Methods of Annotating Print Books

I’ve just started using DT Pro (creating databases/groups, watching tutorials, etc.). I’d like some feedback on workflows or software ideas related to created digital annotations for texts - specifically for print texts. Right now my idea is to use the Cornell notes .rtf template and take notes from the book I’m reading (Steven Johnson’s Where Good Ideas Come From…a great read). Then I would file the notes in a DT group that I’ve created.

Are there any other/better ways to complete this task? Other software related things I should perhaps consider?

D. Ward

One of the cool things about DT is that it supports so many file formats, and allows you to figure out a workflow that works for you. The Cornell notes template is good, but you can also use mind-mapping software, OmniOutliner, whatever. So yeah, sounds like a good plan :slight_smile:

I started off doing this (ie using a Cornell .rtf template) and it can be made to work. The problem is that there is a variety of templates you can use and they each have their shortcomings. (There is no problem with the storing of the notes afterwards, it’s the templates themselves which cause problems).

As I understand it the point of the Cornell template is the juxtaposition of the main body of the notes on the right hand side with the summary of the points of the left, together with an overall summary at the bottom. This arrangement of course calls for a table, but the standard DevonThink .rtf table is flaky once you get beyond a certain point – it becomes very slow and unpredictable – in my experience anything over a couple of pages is pushing it. BTW this is a limitation of the OS X text engine, not of DevonThink.

This effectively means that you have to use another program to take the notes themselves. I’ve used Word, Mellel and Pages and they all work more or less effectively. You can save the relevant Cornell template in your ~/Library/Application Support/DEVONthink Pro 2/Templates.noindex folder (this path may vary, please check the manual) and it will appear in the Data/New From Template menu, so you open new notes directly from DTP.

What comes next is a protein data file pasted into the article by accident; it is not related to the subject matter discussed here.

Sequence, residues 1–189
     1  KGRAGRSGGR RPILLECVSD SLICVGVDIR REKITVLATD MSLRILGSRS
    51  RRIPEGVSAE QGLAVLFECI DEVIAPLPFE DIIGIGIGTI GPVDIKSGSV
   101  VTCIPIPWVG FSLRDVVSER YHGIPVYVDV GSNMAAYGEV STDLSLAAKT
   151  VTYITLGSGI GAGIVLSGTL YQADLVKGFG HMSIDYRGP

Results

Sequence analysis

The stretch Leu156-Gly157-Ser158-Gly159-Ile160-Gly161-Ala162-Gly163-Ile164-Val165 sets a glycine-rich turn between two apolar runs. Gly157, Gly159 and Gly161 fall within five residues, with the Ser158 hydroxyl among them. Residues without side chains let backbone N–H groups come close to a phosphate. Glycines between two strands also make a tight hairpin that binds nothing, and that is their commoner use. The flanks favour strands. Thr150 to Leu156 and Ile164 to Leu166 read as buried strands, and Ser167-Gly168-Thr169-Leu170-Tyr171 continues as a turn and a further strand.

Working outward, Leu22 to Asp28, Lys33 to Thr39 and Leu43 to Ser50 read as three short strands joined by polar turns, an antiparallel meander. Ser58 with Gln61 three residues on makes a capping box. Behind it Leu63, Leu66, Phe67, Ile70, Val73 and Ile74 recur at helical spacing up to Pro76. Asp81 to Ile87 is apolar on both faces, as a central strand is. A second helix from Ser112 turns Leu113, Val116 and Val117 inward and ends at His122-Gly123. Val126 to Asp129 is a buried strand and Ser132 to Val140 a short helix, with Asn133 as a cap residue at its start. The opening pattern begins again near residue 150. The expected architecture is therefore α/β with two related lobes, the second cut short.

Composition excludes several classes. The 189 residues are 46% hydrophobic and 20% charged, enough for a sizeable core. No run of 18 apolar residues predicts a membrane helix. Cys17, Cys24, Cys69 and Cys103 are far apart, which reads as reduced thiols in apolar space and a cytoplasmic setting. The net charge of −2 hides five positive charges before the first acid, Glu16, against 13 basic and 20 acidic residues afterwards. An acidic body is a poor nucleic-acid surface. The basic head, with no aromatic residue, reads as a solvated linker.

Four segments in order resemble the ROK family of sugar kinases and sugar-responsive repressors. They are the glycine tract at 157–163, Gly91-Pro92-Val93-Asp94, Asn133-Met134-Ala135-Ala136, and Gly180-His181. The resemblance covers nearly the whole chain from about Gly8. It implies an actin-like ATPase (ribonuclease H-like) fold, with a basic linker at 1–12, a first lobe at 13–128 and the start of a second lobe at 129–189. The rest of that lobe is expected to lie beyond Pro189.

The slight issue is that all the external programs have their idiosyncracies and none allows you to use the full power of DTP that you would access to if you were using a ‘native’ rtf file (which you can’t, because you want to use the tables…).

For example, Word is (IMHO of course) the most convenient for generating tables, but DTP seems to have some difficulties representing it accurately and problems were caused when I tried to edit a Word created rtf file in DTP and then again back in Word. This was important, because I wanted to use the wikilinks facility in DTP – obviously I couldn’t do these in Word so I had to be able to edit the final version in DTP.

The problems weren’t horrendous and were liveable with, (and it’s possible that I was missing something obvious in DTP that would have simplified everything) but in the end I found the workarounds I had to use more trouble that they were worth, so I went back to standard native DTP rtf note. I take the main body of the notes in a single document, then annotate this document with a shorter standalone summary note.

YMMV of course… If you don’t already have a Word Cornell template, I can see if I can dig the one I adapted (Word 2008).

Hope this helps.


Thanks for the replies…I might give omnioutliner a try as I also want to get familiar with a note-taking system for my upcoming graduate work…